The Flexibility and Access in Rebuilding American Fisheries Act of 2011 contains language which would require NOAA Fisheries’ Science and Statistical Committees to provide detailed reports to justify any of their management recommendations while identifying areas where precautionary management approach was applied. HR3061 also calls on regional councils to calculate the socioeconomic impact of their management decisions on an annual basis and report upon what impact management decisions will have on the future socioeconomic value.
“This is a jobs bill for our recreational fishing community, which is why RFA has been working so hard with key members of Congress to ensure that this language is included in the final bill,” Donofrio said. “We don’t need some ‘pass this bill now, we’ll see what happens later’ effort, we need common-sense fisheries reform so that anglers can keep on fishing while local businesses remain solvent.”
Donofrio said groups who are pushing for one legislative fix over all others are taking dire risks with the future of the recreational fishing community by threatening to disregard any real improvements in the scientific side of fisheries management. “There is clear understanding within our fishing communities that the House and Senate version of the so-called Fisheries Science and Improvement Act pushed by the national trade groups won’t apply to the most sought after recreational fisheries nor will they have any direct impact on science, but just because the bills don’t do much doesn’t mean they’re not dangerous.”
Donofrio called scientific improvement a “top priority of the RFA and the fishing industry,” explaining how better science tends to foster better management decisions. “However, if a science bill with no real science is moved through Congress, it makes our already difficult job of lobbying Congress for additional research funds even harder given that legislators may be under the mistaken impression that they’ve already addressed the science issue with this bill.”
From a practical standpoint, RFA sees passage of these bills without amendment as potentially stifling of future involvement of the fishing industries in working to improve fisheries science. “Many species such as king mackerel and summer flounder experienced great improvements to their assessment approach due to efforts by the fishing industry, but if Congress were to pass a law that only protects fish stocks not scientifically assessed, fishermen may see the only way to avoid the damage of ACLs is by stopping stock assessments altogether or simply allowing them to run with such poor data that they actually fail peer review.”
Recreational fishing industry leaders have made frequent requests to NOAA over the years for additional social and economic impact studies, enhanced stock assessments, and significant improvements in the recreational angler participation data. In response to angler requests and concerns, congressional representatives put forth the Flexibility and Access in Rebuilding American Fisheries Act of 2011 to specifically address these science and statistical issues.
“HR3061 would charge the National Research Council with performing a comprehensive review of the current recreational data collection systems to determine what changes, if any, were made since their last report in 2006,” Donofrio said. “Other bills on the docket don’t specifically address NOAA’s disregard for their scientific requirements so I really can’t fathom why the national trade groups under the direction of CCA lobbyists would oppose these local efforts.”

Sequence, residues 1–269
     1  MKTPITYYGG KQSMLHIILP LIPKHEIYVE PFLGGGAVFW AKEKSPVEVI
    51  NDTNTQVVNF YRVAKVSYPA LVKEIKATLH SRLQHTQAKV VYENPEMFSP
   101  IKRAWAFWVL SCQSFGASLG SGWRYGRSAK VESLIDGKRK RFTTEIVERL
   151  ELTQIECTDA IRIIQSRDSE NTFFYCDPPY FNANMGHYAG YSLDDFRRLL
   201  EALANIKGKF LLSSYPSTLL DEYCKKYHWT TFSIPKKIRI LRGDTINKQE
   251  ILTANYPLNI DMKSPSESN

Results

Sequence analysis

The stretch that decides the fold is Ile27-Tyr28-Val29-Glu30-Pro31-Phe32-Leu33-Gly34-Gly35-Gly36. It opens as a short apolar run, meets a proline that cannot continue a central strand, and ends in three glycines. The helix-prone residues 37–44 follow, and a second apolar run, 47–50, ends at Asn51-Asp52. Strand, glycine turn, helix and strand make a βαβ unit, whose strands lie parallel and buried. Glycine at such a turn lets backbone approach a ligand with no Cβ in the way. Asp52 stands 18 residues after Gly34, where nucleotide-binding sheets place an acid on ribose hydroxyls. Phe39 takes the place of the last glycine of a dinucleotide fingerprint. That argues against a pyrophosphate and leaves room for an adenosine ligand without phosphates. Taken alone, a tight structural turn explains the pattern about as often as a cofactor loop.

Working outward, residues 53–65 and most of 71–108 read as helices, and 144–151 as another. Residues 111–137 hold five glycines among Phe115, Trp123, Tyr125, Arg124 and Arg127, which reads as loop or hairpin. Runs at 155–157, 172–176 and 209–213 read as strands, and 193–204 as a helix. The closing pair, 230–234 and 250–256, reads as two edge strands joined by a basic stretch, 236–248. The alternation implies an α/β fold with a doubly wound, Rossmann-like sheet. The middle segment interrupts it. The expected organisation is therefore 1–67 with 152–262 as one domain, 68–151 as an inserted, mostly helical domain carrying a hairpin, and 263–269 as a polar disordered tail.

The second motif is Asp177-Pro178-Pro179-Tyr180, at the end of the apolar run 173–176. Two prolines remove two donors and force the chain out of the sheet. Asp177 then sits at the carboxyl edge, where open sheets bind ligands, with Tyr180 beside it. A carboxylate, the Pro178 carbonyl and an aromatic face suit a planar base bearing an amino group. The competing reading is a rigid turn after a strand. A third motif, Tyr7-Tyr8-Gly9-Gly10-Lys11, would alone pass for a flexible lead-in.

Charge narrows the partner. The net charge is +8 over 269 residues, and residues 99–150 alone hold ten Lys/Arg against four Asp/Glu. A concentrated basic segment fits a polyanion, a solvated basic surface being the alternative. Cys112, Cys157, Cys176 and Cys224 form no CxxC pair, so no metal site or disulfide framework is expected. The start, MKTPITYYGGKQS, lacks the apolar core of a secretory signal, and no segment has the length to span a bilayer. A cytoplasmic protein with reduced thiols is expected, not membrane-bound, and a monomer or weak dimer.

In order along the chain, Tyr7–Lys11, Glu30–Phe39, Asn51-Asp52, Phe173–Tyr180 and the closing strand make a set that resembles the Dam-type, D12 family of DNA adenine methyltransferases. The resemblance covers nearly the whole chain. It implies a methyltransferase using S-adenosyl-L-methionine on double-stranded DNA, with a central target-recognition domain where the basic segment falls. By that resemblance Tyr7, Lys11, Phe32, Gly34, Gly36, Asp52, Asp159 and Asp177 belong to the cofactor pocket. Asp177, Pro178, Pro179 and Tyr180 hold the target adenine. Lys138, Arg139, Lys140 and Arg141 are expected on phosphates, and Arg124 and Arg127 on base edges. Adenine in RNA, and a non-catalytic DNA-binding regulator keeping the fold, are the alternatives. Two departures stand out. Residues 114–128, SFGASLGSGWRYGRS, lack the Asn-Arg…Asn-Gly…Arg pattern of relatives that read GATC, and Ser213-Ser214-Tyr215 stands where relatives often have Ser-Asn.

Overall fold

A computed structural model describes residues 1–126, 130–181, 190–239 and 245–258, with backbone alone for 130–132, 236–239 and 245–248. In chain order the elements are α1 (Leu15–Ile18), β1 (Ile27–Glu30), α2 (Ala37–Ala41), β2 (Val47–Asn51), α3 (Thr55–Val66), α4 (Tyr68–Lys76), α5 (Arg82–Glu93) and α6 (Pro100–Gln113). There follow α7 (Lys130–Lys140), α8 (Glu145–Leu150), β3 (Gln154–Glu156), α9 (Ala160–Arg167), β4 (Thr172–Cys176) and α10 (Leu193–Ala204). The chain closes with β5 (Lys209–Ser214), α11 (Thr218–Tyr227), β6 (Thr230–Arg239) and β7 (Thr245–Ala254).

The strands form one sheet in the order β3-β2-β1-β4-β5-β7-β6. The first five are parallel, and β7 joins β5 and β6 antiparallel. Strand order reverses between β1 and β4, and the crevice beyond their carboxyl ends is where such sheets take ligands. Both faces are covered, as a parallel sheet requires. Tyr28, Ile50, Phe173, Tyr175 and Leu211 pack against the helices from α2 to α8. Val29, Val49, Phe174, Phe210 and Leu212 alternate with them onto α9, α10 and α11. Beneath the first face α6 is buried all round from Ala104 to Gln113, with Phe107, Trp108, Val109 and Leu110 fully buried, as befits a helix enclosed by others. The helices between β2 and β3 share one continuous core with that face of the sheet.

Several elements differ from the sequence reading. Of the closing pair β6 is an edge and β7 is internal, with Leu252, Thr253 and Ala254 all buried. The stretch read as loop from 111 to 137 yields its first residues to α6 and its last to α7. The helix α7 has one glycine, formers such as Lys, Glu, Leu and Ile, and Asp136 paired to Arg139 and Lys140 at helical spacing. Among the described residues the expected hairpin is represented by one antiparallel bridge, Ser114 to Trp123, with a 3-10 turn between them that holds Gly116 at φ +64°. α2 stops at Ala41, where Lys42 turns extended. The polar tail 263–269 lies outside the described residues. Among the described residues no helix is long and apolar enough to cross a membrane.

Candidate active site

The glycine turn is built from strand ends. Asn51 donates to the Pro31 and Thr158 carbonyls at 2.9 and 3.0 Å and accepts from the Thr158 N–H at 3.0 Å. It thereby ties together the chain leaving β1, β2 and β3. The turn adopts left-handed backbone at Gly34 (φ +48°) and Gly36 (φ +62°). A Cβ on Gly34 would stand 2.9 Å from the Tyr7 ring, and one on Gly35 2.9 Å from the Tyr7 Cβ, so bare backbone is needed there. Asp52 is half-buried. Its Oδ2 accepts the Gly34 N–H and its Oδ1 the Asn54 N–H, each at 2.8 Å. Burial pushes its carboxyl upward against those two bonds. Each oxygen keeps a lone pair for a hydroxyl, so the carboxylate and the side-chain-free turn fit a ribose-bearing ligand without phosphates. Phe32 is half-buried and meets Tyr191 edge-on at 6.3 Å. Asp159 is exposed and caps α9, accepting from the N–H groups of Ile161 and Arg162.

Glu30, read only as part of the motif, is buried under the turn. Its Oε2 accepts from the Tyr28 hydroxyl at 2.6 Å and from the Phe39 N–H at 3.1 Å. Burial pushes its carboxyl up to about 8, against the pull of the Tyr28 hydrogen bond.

In 2008, the American Sportfishing Association (ASA) was asked by coastal organizations to support Congressman Pallone’s efforts to amend Magnuson via the original flexibility bill (HR5425). In a letter to industry representatives dated April 30, 2008, ASA vice president Gordon Robertson said “After extensive deliberation by the Government Affairs Committee, ASA neither supports nor opposes HR5425.”
RFA managing director Jim Hutchinson points out that just three months after ASA voted to take no position on allowing limited deadline flexibility, the tackle and boating trade associations (ASA and NMMA) together introduced former CCA Louisiana staffer Jefferson Anglers as their federal fisheries lobbyist of record at their newly created Center for Coastal Conservation, a political group launched with the expressed support of “ending overfishing by a time certain” and “rebuilding plans for fisheries with time constraints.”
“I think many manufacturers thought in 2008 that they were getting a political bulldog that would fight for their customers’ access rights, but based on the CCC tenants and mission and Mr. Angers’ own lobbying efforts, it seems as if all of the industry’s political funding has been used to confuse legislators, local anglers and the owners of fishing related businesses,” Hutchinson said. “RFA didn’t create the conflict between the industry and their own political mouthpiece, we’re simply shining a light on an obvious leadership issue.”
“How does one group without a public position and another group with a public position of support, suddenly create an umbrella organization with an opposing point of view, then expect to be taken seriously,” Hutchinson asked. “As an overall policy, we don’t criticize organizations that are effective, only those which are clearly being dishonest.”